Wednesday, December 22, 2010

Terms, Terms, and more Terms

By now the poor brain should be spinning around the terms that are used to communicate information about DNA. This is especially true when ordering a DNA test, and the results are given in a bunch of different terms. Having some idea how all these terms fit together is a helpful thing. My own DNA testing results state:

"We provide the actual scientific Allele values and DYS #'s for your results unless the markers were discovered at the University...."

My results were given as "Panel 1 (1-12)", "Panel 2 (13-25)", and "Panel 3 (26-37). Under each panel the results were given as "Locus", "DYS#", and "Alleles". Wow! Terms, terms, and more terms...what is one to do?

To begin, a "Panel" is how the DNA testing is organized and actually carried out in a testing laboratory. Panel 1 is the first group of 12 genetic markers that have been accepted as the standard among all testing labs. The "Locus" is the assigned panel number that each marker has received beginning with number 1 to number 12 for Panel 1.[number 13-25 for Panel 2, and number 26-37 for panel 3] Each "Locus" number corresponds to a DYS# and Allele value. The DYS# and Allele values had already been described in separate research labs which would of course cause a great deal more confusion if each lab reported their results under different labels!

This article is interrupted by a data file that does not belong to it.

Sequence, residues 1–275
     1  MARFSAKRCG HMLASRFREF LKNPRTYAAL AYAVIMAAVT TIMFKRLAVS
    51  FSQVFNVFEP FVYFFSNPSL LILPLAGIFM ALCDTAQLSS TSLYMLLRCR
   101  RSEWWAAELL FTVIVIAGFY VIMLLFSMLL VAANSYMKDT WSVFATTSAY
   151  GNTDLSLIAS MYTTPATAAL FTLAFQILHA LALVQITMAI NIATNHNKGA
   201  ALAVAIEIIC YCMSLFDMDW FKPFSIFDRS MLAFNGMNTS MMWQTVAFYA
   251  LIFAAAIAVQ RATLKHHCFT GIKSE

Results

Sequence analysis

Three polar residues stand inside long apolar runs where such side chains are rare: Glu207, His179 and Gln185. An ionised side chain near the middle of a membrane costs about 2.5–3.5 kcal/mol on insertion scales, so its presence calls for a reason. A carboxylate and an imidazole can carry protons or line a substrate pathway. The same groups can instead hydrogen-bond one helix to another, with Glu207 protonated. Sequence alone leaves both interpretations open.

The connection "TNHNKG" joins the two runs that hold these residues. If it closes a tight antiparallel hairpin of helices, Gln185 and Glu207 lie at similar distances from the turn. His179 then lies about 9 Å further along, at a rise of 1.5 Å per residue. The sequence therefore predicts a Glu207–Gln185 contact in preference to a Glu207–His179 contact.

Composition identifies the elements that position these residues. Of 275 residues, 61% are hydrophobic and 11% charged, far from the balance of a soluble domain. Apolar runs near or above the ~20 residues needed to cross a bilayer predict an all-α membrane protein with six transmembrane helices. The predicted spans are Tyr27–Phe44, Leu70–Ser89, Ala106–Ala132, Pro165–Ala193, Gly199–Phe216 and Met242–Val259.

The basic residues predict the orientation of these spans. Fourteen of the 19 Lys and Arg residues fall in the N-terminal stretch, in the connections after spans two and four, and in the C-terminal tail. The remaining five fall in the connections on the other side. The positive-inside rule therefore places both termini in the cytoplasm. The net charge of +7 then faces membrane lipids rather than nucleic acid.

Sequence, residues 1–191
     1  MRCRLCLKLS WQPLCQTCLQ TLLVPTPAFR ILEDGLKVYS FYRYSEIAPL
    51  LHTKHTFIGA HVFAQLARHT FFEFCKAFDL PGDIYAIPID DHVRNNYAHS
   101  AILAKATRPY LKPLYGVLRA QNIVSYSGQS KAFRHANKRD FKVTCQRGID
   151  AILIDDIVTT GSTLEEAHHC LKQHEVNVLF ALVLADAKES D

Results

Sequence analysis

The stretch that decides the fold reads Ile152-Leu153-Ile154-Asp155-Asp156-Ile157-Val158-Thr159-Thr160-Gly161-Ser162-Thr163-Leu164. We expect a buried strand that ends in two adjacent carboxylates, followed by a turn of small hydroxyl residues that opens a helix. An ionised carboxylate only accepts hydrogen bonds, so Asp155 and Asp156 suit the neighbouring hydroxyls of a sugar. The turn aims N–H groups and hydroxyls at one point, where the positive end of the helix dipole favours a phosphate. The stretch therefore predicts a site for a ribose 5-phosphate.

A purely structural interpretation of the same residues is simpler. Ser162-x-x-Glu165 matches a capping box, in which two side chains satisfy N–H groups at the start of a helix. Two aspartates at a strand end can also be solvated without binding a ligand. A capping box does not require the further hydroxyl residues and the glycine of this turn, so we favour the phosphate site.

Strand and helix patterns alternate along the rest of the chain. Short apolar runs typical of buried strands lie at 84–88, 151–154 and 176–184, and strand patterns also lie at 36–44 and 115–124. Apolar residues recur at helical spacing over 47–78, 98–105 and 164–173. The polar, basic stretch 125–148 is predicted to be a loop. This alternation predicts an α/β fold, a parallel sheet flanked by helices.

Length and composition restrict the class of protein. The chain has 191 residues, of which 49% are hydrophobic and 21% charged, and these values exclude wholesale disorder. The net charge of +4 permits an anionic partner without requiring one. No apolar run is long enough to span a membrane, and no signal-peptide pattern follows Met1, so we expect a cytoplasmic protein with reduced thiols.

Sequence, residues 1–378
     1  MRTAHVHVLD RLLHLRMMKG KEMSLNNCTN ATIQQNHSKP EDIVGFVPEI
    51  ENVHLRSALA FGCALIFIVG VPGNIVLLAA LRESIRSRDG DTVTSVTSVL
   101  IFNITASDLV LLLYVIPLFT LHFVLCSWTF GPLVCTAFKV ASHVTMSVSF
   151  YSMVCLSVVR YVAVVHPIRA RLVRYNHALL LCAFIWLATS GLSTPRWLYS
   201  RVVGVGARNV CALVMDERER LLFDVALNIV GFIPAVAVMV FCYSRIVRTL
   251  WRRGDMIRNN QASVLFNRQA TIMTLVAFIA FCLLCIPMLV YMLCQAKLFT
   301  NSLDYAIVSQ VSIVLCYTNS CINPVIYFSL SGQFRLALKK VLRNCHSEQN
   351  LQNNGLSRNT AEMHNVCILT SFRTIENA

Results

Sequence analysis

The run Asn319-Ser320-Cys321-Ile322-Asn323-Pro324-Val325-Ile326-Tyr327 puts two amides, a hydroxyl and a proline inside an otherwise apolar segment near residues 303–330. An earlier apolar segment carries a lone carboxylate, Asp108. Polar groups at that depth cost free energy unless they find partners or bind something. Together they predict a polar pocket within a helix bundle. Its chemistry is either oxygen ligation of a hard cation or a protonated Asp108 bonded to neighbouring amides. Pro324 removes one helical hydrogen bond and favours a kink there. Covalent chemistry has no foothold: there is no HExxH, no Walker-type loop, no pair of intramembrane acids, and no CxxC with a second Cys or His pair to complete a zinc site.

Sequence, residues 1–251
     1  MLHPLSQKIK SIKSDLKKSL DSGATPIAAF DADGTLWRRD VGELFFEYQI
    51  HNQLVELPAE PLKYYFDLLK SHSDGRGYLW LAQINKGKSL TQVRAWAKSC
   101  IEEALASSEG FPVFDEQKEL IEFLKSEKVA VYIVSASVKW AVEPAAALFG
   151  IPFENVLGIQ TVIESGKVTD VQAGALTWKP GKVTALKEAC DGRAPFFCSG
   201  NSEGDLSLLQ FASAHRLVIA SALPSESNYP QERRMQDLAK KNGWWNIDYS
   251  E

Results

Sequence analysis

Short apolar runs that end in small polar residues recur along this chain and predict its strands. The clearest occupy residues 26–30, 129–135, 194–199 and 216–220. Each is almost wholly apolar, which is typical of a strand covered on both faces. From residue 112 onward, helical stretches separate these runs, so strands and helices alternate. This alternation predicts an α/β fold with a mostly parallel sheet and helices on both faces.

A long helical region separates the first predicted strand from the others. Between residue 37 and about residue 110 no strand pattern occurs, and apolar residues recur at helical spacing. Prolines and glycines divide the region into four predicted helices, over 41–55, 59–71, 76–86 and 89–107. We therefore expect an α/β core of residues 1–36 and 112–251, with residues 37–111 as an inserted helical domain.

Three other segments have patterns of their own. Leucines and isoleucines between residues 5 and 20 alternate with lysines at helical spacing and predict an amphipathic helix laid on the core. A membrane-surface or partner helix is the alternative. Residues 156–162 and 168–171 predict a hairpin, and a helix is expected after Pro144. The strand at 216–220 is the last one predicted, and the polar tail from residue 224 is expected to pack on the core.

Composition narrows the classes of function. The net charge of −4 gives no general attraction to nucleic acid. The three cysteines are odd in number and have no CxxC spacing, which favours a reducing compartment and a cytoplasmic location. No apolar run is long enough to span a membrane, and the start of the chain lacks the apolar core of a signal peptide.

Now the term DYS# is an abbreviation for D = DNA, Y = Y-Chromosome, and S = (unique) Segment.
A unique segment is the part of the DNA molecule [in this case the Y-chromosome] that has undergone changes (mutation) among several nucleotides in a row. Remember that a change at only one nucleotide is called a SNPs (single nucleotide polymorphism). Changes that have occurred at more than one site in a row (segment) have been termed a "Short Tandem Repeat" or STR. These short, tandem (next to one another) repeats are identified along the DNA molecule at the address called "Allele Value". [The allele was the earliest concept of genetic addresses for the codons that produced a protein.]

Here is the key issue and perhaps the most confusing. A single nucleotide change (SNP) is a very rare occurrence. This change (SNP) is past down generation to generation among a family, thus an ethic group. The SNP is used to characterize a "Haplogroup". The STR (Short Tandem Repeat) happens all along the DNA molecule, and when analyzed together produce the genetic finger print that is called the "Haplotype". Haplogroup (SNP) - Haplotype (STR). Using the Y-chromosome, the haplotype should be the same or very close to all males in the family. It is the STRs that are used to match our ancestors. More to come.

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